BACKGROUND: Around 5% of English speakers have a significant problem with learning to read words. Poor word readers are often trained to use letter-sound rules to improve their reading skills. This training is commonly called phonics. Well over 100 studies have administered some form of phonics training to poor word readers. However, there are surprisingly few systematic reviews or meta-analyses of these studies. The most well-known review was done by the National Reading Panel (Ehri 2001) 12 years ago and needs updating. The most recent review (Suggate 2010) focused solely on children and did not include unpublished studies. OBJECTIVES: The primary aim of this review was to measure the effect that phonics training has on the literacy skills of English-speaking children, adolescents, and adults whose reading was at least one standard deviation (SD), one year, or one grade below the expected level, despite no reported problems that could explain their impaired ability to learn to read. A secondary objective was to explore the impact of various factors, such as length of training or training group size, that might moderate the effect of phonics training on poor word reading skills. SEARCH METHODS: We searched the following databases in July 2012: CENTRAL 2012 (Issue 6), MEDLINE 1948 to June week 3 2012, EMBASE 1980 to 2012 week 26, DARE 2013 (Issue 6), ERIC (1966 to current), PsycINFO (1806 to current), CINAHL (1938 to current), Science Citation Index (1970 to 29 June 2012), Social Science Citation Index (1970 to 29 June 2012), Conference Proceedings Citation Index - Science (1990 to 29 June 2012), Conference Proceedings Citation Index - Social Science & Humanities (1990 to 29 June 2012), ZETOC, Index to Theses-UK and Ireland, ClinicalTrials.gov, ICTRP, the metaRegister of Controlled Trials, ProQuest Dissertations and Theses, DART Europe E-theses Portal, Australasian Digital Theses Program, Education Research Theses, Electronic Theses Online System, Networked Digital Library of Theses and Dissertations. Theses Canada portal, www.dissertation.com, and www.thesisabstracts.com. We also contacted experts and examined the reference lists of published studies. SELECTION CRITERIA: We included studies that use randomisation, quasi-randomisation, or minimisation to allocate participants to either a phonics intervention group (phonics alone, phonics and phoneme awareness training, or phonics and irregular word reading training) or a control group (no training or alternative training, such as maths). Participants were English-speaking children, adolescents, or adults whose word reading was below the level expected for their age for no known reason (that is, they had adequate attention and no known physical, neurological, or psychological problems). DATA COLLECTION AND ANALYSIS: Two review authors independently selected studies, assessed risk of bias, and extracted data. MAIN RESULTS: We found 11 studies that met the criteria for this review. They involved 736 participants. We measured the effect of phonics training on eight outcomes. The amount of evidence for each outcome varied considerably, ranging from 10 studies for word reading accuracy to one study for nonword reading fluency. The effect sizes for the outcomes were: word reading accuracy standardised mean difference (SMD) 0.47 (95% confidence interval (CI) 0.06 to 0.88; 10 studies), nonword reading accuracy SMD 0.76 (95% CI 0.25 to 1.27; eight studies), word reading fluency SMD -0.51 (95% CI -1.14 to 0.13; two studies), reading comprehension SMD 0.14 (95% CI -0.46 to 0.74; three studies), spelling SMD 0.36 (95% CI -0.27 to 1.00; two studies), letter-sound knowledge SMD 0.35 (95% CI 0.04 to 0.65; three studies), and phonological output SMD 0.38 (95% -0.04 to 0.80; four studies). There was one result in a negative direction for nonword reading fluency SMD 0.38 (95% CI -0.55 to 1.32; one study), though this was not statistically significant.We did five subgroup analyses on two outcomes that had sufficient data (word reading accuracy and nonword reading accuracy). The efficacy of phonics training was not moderated significantly by training type (phonics alone versus phonics and phoneme awareness versus phonics and irregular word training), training intensity (less than two hours per week versus at least two hours per week), training duration (less than three months versus at least three months), training group size (one-on-one versus small group training), or training administrator (human administration versus computer administration). AUTHORS' CONCLUSIONS: Phonics training appears to be effective for improving some reading skills. Specifically, statistically significant effects were found for nonword reading accuracy (large effect), word reading accuracy (moderate effect), and letter-sound knowledge (small-to-moderate effect). For several other outcomes, there were small or moderate effect sizes that did not reach statistical significance but may be meaningful: word reading fluency, spelling, phonological output, and reading comprehension. The effect for nonword reading fluency, which was measured in only one study, was in a negative direction, but this was not statistically significant.Future studies of phonics training need to improve the reporting of procedures used for random sequence generation, allocation concealment, and blinding of participants, personnel, and outcome assessment.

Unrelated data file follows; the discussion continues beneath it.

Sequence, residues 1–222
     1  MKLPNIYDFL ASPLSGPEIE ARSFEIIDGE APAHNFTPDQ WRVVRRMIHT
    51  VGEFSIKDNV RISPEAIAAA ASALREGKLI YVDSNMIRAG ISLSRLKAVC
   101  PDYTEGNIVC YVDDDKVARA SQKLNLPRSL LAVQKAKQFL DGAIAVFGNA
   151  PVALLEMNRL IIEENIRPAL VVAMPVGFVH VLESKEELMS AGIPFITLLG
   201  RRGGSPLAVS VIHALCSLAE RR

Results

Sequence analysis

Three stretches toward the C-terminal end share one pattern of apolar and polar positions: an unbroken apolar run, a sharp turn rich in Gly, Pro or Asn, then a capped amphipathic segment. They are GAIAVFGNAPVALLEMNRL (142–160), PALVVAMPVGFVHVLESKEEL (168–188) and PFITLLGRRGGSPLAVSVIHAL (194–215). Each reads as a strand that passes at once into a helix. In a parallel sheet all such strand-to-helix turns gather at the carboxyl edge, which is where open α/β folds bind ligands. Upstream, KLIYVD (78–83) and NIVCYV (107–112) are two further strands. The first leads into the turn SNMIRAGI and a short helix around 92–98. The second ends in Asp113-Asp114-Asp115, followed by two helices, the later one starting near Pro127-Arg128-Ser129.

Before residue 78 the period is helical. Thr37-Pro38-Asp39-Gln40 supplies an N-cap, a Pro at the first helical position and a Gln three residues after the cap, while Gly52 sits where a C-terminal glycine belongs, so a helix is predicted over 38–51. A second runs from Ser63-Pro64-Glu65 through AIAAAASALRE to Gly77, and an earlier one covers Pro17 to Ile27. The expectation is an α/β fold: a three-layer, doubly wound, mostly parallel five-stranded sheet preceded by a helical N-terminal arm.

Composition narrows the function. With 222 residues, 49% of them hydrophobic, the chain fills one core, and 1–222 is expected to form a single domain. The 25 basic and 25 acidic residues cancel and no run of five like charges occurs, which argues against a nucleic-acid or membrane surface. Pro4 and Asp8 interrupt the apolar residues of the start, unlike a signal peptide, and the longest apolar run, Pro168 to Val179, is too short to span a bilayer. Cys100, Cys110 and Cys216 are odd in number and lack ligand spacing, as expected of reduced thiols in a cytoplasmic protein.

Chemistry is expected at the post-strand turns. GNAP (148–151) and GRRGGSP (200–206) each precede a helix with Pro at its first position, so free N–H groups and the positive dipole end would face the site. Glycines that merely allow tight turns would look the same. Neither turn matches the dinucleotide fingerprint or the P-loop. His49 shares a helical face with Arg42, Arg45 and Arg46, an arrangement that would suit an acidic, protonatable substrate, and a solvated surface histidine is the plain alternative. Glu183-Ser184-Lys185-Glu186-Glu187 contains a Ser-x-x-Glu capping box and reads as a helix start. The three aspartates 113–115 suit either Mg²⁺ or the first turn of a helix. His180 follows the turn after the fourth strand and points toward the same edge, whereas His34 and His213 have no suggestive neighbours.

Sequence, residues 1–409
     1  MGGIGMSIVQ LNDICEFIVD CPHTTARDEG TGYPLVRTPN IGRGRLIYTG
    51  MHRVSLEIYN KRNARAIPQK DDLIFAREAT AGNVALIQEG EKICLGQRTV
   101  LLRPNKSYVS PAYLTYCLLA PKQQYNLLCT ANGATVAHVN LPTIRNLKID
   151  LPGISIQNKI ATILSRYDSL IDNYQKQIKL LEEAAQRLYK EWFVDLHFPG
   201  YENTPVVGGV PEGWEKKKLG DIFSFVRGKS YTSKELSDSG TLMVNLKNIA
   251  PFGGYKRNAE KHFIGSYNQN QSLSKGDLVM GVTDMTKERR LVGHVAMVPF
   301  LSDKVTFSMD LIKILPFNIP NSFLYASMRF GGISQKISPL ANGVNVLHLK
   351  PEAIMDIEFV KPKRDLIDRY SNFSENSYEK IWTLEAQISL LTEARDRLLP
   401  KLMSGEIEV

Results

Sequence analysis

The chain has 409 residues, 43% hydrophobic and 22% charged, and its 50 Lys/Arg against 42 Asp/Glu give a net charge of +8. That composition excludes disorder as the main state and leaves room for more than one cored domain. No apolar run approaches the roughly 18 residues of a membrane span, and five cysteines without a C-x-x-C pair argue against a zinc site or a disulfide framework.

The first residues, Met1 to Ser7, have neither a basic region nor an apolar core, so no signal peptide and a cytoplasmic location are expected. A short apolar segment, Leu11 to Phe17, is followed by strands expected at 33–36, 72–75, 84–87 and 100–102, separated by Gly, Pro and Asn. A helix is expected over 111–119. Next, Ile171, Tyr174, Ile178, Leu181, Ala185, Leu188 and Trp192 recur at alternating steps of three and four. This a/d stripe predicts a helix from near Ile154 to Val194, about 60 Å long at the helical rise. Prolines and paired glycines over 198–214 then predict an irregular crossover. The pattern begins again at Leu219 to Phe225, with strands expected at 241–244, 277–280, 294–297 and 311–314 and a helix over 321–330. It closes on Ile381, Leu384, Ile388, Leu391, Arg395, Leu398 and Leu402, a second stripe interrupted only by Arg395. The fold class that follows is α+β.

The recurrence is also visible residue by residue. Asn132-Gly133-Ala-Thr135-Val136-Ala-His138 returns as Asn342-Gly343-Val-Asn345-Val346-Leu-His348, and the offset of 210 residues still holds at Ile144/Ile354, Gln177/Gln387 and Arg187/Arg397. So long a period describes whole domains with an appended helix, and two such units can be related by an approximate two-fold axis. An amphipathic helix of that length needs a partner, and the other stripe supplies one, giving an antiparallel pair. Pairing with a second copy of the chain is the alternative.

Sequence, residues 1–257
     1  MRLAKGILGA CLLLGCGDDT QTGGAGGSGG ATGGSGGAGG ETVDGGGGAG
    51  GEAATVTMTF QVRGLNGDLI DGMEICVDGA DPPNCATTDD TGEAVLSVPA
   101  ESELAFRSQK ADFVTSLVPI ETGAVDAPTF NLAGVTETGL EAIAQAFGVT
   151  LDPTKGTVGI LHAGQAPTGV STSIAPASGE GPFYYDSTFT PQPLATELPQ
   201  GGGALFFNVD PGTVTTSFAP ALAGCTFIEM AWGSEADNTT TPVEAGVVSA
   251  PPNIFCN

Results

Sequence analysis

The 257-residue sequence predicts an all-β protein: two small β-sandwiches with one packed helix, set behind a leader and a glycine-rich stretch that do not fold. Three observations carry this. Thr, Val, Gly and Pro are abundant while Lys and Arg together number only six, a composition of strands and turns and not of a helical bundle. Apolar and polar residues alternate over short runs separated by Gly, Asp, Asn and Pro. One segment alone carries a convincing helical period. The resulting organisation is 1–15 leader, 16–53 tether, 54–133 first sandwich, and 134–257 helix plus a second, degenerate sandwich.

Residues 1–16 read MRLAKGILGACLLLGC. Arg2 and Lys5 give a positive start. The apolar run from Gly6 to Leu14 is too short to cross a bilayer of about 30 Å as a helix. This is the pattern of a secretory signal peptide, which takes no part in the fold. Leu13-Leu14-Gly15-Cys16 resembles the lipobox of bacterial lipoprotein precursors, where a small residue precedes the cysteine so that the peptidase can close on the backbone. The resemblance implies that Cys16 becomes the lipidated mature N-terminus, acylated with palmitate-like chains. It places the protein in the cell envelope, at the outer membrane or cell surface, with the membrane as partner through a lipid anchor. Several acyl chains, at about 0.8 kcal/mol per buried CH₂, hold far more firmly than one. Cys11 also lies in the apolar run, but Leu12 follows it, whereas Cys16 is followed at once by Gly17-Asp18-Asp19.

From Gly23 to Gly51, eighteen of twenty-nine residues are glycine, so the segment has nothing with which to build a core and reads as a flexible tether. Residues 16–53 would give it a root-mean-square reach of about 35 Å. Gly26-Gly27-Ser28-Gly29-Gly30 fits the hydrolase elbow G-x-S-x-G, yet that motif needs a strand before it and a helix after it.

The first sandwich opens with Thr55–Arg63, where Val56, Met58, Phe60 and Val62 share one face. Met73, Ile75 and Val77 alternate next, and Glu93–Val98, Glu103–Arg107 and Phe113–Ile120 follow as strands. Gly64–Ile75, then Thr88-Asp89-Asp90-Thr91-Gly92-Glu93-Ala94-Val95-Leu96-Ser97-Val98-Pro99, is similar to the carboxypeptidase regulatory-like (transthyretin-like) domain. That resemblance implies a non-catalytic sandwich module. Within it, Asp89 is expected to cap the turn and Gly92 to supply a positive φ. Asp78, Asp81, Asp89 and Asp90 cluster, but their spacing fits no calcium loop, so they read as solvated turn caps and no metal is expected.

Assuntos
Dislexia/reabilitação , Fonação/fisiologia , Leitura , Adolescente , Adulto , Criança , Feminino , Humanos , Idioma , Masculino , Ensaios Clínicos Controlados Aleatórios como Assunto
15.
Q J Exp Psychol (Hove) ; 65(5): 856-64, 2012.
Artigo em Inglês | MEDLINE | ID: mdl-22519676

RESUMO

Share's self-teaching hypothesis proposes that orthographic representations are acquired via phonological decoding. A key, yet untested, prediction of this theory is that there should be an effect of word regularity on the number and quality of word-specific orthographic representations that children acquire. Thirty-four Grade 2 children were exposed to the sound and meaning of eight novel words and were then presented with those words in written form in short stories. Half the words were assigned regular pronunciations and half irregular pronunciations. Lexical decision and spelling tasks conducted 10 days later revealed that the children's orthographic representations of the regular words appeared to be stronger and more extensive than those of the irregular words.


Assuntos
Idioma , Aprendizagem , Reconhecimento Psicológico , Semântica , Aprendizagem Verbal , Vocabulário , Criança , Humanos , Fonética , Leitura
16.
J Exp Child Psychol ; 109(1): 39-57, 2011 May.
Artigo em Inglês | MEDLINE | ID: mdl-21315372

RESUMO

The self-teaching hypothesis proposes that orthographic learning takes place via phonological decoding in meaningful texts, that is, in context. Context is proposed to be important in learning to read, especially when decoding is only partial. However, little research has directly explored this hypothesis. The current study looked at the effect of context on orthographic learning and examined whether there were different effects for novel words given regular and irregular pronunciations. Two experiments were conducted using regular and irregular novel words, respectively. Second-grade children were asked to learn eight novel words either in stories or in a list of words. The results revealed no significant effect of context for the regular items. However, in an orthographic decision task, there was a facilitatory effect of context on irregular novel word learning. The findings support the view that contextual information is important to orthographic learning, but only when the words to be learned contain irregular spelling-sound correspondences.


Assuntos
Aprendizagem/fisiologia , Leitura , Análise de Variância , Austrália , Criança , Linguagem Infantil , Comportamento de Escolha/fisiologia , Tomada de Decisões/fisiologia , Feminino , Humanos , Masculino , Fonética , Reconhecimento Psicológico/fisiologia , Semântica , Análise e Desempenho de Tarefas , Vocabulário